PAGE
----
Sitting in the car I looked down at the cell phone on my right hip. I exhaled deeply, and shook my head a bit to try and tame my worries. After thinking for a few seconds I removed the cell phone from its case and plugged it into the car charger. It was the summer of 2012 and I had not been able to do that since returning from Afghanistan in the spring of 2007. When in a vehicle, my cell phone was always on my hip.
In Afghanistan my cell phone was my lifeline. It stayed on my hip because if I had to bail out of my car under fire I likely wouldn’t have time to grab anything else to take with me. Without my cell phone I could not call for help. Without help I would die or be captured. If I died or was captured I wouldn’t make it home to get married. I had called for help with it once, on the day I grew a third hand. Somehow on that day I had my M4 in one hand, global positioning system in another, and the cell phone in the other.
Though the stimulus of being deployed to Afghanistan was removed, the behavior pattern of keeping my cell phone on my hip remained for five years. Was this what they called Post Traumatic Stress Disorder? In my opinion it was not. At least, it was not a disorder. To me, it was the new normal. It was part of the package. By continuing this act I had just joined the ranks of many honorable men and women that came before me who served in conflict zones.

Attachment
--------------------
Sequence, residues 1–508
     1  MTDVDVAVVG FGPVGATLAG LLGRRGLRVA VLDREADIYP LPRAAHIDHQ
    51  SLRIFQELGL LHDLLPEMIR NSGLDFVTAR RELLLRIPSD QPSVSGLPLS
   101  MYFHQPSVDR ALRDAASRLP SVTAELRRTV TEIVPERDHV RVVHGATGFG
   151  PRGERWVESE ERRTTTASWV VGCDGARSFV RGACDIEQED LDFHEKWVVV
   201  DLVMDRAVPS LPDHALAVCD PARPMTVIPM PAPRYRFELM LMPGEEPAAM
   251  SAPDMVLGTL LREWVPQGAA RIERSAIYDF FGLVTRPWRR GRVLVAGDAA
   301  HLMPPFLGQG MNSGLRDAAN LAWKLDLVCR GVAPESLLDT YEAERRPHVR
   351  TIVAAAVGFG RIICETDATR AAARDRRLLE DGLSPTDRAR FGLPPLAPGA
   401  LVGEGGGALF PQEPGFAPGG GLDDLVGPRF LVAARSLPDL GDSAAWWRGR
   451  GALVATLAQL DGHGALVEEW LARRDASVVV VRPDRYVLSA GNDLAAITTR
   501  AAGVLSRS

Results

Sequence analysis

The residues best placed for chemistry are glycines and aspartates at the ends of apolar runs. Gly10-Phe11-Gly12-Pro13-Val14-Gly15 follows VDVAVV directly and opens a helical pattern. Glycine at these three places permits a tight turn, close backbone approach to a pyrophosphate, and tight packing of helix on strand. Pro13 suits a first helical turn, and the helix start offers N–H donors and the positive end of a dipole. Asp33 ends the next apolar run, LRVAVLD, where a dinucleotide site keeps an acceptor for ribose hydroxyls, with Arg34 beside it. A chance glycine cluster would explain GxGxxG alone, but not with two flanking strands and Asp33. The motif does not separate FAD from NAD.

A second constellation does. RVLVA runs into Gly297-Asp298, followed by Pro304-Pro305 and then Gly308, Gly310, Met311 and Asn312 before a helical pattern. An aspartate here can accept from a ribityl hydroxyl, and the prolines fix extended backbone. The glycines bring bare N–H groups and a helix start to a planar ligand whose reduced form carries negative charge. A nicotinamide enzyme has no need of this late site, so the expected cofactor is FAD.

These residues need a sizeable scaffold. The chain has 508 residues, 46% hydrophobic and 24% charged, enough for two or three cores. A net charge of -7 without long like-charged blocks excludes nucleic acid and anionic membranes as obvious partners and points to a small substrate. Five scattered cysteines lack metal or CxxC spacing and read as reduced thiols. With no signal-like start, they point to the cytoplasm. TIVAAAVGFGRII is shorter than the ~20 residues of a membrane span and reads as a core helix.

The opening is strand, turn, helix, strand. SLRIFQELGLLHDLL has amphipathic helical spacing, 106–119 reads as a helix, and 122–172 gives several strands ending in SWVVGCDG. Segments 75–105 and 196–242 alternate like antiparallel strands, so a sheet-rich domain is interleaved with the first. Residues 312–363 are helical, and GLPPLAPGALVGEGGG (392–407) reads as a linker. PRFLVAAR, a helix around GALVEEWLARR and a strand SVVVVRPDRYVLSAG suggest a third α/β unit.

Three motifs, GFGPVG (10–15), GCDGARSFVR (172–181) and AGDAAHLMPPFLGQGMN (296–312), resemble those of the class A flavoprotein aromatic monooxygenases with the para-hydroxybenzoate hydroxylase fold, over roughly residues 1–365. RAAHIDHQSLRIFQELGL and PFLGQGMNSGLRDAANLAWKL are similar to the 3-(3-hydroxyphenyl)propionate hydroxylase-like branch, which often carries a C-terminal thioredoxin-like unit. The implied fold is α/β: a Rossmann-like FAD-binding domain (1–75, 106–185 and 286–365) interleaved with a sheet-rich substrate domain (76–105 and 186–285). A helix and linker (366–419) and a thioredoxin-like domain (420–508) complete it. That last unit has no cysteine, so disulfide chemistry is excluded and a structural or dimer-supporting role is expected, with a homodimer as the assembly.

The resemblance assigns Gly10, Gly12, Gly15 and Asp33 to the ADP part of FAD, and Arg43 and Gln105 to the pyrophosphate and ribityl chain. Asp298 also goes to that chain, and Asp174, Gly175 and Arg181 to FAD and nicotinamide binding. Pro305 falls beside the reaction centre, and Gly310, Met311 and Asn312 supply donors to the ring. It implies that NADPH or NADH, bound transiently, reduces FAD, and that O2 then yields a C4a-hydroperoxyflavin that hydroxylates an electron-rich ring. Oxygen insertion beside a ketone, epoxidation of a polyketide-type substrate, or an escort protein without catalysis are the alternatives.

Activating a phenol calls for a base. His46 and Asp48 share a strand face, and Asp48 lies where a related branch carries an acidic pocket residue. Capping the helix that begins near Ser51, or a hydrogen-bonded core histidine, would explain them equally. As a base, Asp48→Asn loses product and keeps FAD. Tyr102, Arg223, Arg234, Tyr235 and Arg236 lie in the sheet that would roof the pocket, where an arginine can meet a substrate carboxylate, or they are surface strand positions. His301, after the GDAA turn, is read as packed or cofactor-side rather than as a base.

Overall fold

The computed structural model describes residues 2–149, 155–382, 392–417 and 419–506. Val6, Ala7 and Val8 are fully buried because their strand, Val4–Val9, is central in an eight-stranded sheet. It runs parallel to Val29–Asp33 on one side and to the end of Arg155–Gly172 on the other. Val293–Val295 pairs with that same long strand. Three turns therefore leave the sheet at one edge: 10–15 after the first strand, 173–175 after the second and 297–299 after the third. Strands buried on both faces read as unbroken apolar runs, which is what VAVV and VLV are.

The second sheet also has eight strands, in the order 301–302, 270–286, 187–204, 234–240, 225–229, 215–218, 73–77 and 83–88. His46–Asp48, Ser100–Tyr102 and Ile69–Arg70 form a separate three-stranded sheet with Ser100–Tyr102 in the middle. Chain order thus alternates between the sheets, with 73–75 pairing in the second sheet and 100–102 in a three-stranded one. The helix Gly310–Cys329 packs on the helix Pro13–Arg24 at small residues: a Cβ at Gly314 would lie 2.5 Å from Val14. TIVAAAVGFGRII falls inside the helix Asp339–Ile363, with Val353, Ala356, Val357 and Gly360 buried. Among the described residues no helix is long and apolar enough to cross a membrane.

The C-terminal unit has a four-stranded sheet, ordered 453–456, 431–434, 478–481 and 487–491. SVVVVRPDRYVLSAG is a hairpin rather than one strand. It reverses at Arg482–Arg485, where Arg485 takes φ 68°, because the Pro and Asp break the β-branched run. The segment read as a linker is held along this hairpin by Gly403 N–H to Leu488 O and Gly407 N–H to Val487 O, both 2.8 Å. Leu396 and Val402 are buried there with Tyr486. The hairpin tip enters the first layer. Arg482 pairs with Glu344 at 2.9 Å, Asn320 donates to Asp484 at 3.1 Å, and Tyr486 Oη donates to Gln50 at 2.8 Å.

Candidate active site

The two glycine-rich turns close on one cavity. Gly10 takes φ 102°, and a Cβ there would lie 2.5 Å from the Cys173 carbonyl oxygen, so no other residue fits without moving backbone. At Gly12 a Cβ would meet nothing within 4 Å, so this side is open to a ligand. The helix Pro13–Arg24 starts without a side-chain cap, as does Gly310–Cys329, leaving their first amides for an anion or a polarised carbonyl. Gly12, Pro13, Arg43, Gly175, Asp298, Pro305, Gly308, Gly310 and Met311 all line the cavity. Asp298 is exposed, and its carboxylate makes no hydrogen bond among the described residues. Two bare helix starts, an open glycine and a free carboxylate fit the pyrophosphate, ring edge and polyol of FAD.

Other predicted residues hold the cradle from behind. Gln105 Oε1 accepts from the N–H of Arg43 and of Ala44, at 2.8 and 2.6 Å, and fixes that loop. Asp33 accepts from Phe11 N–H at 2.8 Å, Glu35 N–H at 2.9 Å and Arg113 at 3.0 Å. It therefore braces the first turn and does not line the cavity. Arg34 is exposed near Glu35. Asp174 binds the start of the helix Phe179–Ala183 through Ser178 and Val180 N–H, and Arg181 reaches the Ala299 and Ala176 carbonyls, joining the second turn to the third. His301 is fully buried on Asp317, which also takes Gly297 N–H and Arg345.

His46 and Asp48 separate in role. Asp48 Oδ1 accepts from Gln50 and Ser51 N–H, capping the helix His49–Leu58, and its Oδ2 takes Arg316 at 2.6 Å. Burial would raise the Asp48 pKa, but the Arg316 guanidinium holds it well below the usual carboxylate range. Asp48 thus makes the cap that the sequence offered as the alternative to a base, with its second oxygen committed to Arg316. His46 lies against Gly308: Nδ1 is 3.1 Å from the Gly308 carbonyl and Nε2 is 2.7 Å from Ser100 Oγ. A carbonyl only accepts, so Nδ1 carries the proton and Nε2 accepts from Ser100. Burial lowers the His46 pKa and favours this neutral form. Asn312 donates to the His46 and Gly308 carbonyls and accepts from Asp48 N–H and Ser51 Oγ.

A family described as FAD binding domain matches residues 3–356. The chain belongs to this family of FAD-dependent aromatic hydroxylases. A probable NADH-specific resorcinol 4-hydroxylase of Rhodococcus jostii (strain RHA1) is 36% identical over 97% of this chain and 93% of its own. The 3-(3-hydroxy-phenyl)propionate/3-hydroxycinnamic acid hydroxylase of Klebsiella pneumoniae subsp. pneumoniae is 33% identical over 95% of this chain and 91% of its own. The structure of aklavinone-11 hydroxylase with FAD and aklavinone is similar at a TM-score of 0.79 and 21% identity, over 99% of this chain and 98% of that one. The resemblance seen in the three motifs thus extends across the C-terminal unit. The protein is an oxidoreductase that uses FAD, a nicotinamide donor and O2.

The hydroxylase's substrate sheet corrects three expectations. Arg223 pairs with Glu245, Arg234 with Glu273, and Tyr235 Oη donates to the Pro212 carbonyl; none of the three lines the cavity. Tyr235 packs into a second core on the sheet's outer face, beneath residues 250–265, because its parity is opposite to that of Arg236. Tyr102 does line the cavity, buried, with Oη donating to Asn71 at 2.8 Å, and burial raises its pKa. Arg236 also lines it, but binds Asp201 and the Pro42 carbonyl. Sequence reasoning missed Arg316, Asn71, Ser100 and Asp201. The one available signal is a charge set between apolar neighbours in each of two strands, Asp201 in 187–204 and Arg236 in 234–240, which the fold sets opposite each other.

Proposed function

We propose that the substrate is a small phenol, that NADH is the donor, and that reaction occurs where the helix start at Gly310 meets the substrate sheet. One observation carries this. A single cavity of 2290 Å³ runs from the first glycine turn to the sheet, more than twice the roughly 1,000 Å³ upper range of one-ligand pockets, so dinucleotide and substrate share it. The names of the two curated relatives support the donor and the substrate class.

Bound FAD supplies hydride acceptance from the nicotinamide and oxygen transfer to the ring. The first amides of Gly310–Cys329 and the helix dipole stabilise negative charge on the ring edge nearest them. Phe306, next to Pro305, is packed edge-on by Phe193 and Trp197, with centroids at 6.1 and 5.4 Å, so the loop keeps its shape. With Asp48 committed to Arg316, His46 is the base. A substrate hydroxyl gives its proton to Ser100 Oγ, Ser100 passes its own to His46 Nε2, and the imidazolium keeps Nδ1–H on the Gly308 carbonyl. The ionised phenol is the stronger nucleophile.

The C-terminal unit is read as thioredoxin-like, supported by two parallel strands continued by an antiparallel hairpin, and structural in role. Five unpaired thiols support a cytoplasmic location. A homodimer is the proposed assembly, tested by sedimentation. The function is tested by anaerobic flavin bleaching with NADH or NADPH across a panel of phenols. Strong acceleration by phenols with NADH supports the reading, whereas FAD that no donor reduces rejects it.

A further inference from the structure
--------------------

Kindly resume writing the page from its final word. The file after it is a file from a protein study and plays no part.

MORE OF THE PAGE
Since the beginning of time people have been permanently changed by their wartime experiences. Ask anyone who has been there. There is no shame in this change. We go to far away places and we do what we must and it stays with us. We come back and have the occasional intrusive thought. Once in a while we seem a bit distant or anxiety-ridden. There is no shame in this change.
If you must have a feeling associated with your change, let it be a feeling of pride. You answered your country’s call and survived. You survived! Now you must live. You must live life to the fullest to honor those who did not return. If you need help, get it. If you aren’t ready to talk yet, read the book“The Road Back” by Erich Maria Remarque and affirm that your feelings are not new in the history of humanity.
Today I exit the house, child in tow, and head towards my car. After answering endless “Why” questions my child is in their seat. I climb into my seat ready to start the car when I get a final question: “Daddy, why do you smile so big every time you plug your phone into the car charger?” “No reason Kid-O. No reason.”